WASHINGTON — President Trump is under intense scrutiny over a classified whistle-blower complaint about his behavior, which at least partly involves his dealings with Ukraine’s new president and Mr. Trump’s call for Ukraine’s government to investigate former Vice President Joseph R. Biden Jr., who is a leading candidate for the 2020 Democratic presidential nomination.
Here are some of the basic facts behind the controversy.
What did Mr. Trump do?
In a July 25 phone call, Mr. Trump pressed the president of Ukraine, Volodymyr Zelensky, to investigate Mr. Biden’s younger son, Hunter, who sat on the board of a Ukrainian energy company. Mr. Trump has seized on an unsubstantiated theory that when Mr. Biden conditioned a $1 billion loan guarantee on the firing of Ukraine’s top prosecutor in 2016, he was trying to protect the company from prosecution. Rudolph W. Giuliani, one of Mr. Trump’s personal lawyers, has pushed the Ukrainian government to investigate the matter and to explore whether there was impropriety involved in its decision in 2016 to release incriminating information about Mr. Trump’s campaign chairman at the time, Paul Manafort.
Why is this coming up now?
Because of an intelligence community whistle-blower who filed a complaint last month about the president’s actions. An inspector general deemed the complaint “credible” and “urgent” and forwarded it to the acting director of national intelligence, Joseph Maguire, who has refused to share it with Congress. The issue was brought out into the open when the House Intelligence Committee chairman, Representative Adam B. Schiff, Democrat of California, sent an angry letter to Mr. Maguire on Sept. 10 demanding the complaint be shared with his panel. Reporting since then by The New York Times and other news outlets has filled in some of the substance.
What did the whistle-blower claim?
The full extent of the whistle-blower’s complaint, as well as the whistle-blower’s identity, is not publicly known because Mr. Maguire will not share it. (He says that is because the complaint entails matters potentially covered by legal “privilege” and concerns conduct by someone outside the intelligence community.) Reporting by The Times and others has established that the complaint involves Mr. Trump’s interactions with Ukraine and a phone call with a foreign leader — possibly, but not necessarily, Mr. Zelensky. It is not clear if it includes other matters.
Did Mr. Trump use American foreign policy to pressure Ukraine to investigate a political rival?
This is the big question. The White House this summer blocked a package of military assistance to Ukraine. The aid was intended to help the country defend itself from Russian territorial aggression, including a military conflict in eastern Ukraine that has killed more than 13,000 people since 2014. The aid was first publicly disclosed as delayed about a month after the July phone call between Mr. Trump and Mr. Zelensky. Mr. Trump is not known to have openly linked the aid — which has since been released — to his demands for political investigations, but many Democrats believe that may be the case. This month, three Democratic House committee chairmen sent letters to the State Department and the White House warning that it would be “a staggering abuse of power, a boon to Moscow and a betrayal of the public trust” if Mr. Trump was withholding the military assistance to “improperly pressure the Ukrainian government to assist the president’s bid for re-election.”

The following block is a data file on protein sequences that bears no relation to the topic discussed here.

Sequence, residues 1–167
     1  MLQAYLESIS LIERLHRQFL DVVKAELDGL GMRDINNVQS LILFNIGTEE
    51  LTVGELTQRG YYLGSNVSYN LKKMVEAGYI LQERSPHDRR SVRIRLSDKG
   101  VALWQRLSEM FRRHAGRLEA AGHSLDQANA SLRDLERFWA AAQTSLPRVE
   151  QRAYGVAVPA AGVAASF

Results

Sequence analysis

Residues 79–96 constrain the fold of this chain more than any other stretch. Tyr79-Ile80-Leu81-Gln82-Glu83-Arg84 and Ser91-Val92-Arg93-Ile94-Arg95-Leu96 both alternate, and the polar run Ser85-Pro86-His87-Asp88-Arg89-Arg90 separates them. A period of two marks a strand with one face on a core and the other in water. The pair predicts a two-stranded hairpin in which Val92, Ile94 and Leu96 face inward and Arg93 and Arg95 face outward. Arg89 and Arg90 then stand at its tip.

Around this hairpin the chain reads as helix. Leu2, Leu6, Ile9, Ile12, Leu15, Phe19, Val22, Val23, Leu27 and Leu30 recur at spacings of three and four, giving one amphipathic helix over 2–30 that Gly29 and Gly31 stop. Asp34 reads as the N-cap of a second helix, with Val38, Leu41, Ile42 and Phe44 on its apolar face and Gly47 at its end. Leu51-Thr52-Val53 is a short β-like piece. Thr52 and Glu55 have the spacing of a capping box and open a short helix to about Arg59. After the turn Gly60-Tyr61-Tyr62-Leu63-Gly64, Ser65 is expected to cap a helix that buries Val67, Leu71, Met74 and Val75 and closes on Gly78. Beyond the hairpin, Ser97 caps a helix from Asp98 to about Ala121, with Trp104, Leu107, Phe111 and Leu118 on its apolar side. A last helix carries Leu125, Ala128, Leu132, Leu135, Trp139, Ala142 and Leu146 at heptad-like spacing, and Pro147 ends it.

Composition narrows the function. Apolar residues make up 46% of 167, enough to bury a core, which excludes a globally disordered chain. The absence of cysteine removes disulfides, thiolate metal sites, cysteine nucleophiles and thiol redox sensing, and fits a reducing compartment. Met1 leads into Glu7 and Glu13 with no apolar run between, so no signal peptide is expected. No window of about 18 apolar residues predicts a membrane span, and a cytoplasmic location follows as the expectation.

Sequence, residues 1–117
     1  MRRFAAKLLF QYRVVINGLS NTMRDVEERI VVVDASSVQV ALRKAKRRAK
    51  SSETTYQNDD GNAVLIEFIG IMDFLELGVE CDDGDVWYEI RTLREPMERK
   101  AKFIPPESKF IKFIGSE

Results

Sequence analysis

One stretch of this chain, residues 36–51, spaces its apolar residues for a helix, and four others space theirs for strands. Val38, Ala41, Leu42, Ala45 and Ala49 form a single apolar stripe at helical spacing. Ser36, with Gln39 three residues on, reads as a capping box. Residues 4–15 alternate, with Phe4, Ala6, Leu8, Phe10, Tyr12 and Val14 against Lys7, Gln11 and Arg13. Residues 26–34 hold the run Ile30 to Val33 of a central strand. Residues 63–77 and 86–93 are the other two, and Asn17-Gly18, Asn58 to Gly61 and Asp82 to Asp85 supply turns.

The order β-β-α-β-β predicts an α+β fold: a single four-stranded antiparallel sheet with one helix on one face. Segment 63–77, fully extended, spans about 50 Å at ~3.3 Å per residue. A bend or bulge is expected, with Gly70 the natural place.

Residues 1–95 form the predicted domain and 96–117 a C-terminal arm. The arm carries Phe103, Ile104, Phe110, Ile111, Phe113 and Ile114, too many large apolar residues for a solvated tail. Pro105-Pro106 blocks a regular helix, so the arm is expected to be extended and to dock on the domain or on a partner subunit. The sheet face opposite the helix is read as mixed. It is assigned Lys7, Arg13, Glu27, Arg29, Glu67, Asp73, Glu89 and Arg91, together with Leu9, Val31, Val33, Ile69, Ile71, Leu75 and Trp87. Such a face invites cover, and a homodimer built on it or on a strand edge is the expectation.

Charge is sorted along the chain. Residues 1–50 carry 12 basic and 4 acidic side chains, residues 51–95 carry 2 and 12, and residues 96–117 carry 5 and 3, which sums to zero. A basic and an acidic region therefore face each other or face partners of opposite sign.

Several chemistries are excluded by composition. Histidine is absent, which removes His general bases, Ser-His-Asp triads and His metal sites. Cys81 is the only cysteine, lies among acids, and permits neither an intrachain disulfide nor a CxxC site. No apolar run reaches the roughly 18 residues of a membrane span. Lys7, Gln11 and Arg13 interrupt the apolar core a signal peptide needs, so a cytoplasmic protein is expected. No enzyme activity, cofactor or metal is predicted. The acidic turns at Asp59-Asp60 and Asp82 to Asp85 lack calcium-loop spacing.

What does Mr. Trump say?
The president insists that he has been unfairly accused, saying — without offering evidence — that the whistle-blower is “partisan” and that Democrats and the news media are initiating a new “witch hunt” against him. Mr. Trump has said that he is aware that his conversations with foreign leaders are monitored by numerous government officials and that he would not incriminate himself so easily. More specifically, Mr. Trump told reporters on Friday that his July call with Mr. Zelensky “was a totally appropriate conversation — it was actually a beautiful conversation.” Mr. Trump also repeated his unsubstantiated assertion that Mr. Biden improperly pressured the Ukrainian government.
What is Mr. Giuliani’s role in this?
As Mr. Trump’s personal lawyer, Mr. Giuliani has communicated with Ukrainian officials for months about the Bidens, as well as about the circumstances of the 2016 disclosures of payments earmarked by a Russia-aligned Ukrainian political party to Mr. Manafort, who is now serving a prison sentence on charges related to his Ukrainian political work. Mr. Giuliani has sought information about both matters, and traveled to Madrid this summer for a meeting with one of Mr. Zelensky’s top aides, whom he urged to investigate the matters.
Did Mr. Biden do something wrong?
There is no evidence that Mr. Biden intentionally tried to help his son when he pushed for the dismissal of the Ukrainian prosecutor, who was widely seen in the West as corrupt. Stamping out high-level corruption in Ukraine has long been a central goal of United States policy toward the country, and a standard condition for Western aid. Mr. Biden played a lead role in the Obama administration’s diplomacy with Kiev, but Obama administration officials worried that his son’s work for the energy company, Burisma Holdings, could create at least the perception of a conflict of interest. The United States and other Western governments had previously pressed Ukraine to pursue corruption investigations into Burisma and Mykola Zlochevsky, the oligarch who owned it. Those investigations did not yield convictions, which American officials said was at least partly because the Ukrainian prosecutors were intentionally stymieing the efforts. Mr. Zlochevsky’s allies, on the other hand, contended that the corruption claims were baseless and that the threat of prosecution was merely being used to try to solicit bribes from him or his allies.